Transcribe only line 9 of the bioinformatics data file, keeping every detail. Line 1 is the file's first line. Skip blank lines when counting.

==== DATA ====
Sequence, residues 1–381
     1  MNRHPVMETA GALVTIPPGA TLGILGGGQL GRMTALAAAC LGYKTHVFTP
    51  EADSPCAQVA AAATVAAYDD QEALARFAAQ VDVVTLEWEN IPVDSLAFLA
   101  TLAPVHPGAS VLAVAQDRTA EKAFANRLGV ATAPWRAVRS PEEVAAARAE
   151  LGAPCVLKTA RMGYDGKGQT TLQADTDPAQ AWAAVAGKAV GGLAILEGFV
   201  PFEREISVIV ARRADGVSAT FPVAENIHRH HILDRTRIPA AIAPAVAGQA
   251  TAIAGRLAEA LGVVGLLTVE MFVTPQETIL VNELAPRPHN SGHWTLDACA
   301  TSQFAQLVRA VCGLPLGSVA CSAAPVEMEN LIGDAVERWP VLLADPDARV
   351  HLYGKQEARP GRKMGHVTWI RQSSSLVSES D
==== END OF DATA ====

   351  HLYGKQEARP GRKMGHVTWI RQSSSLVSES D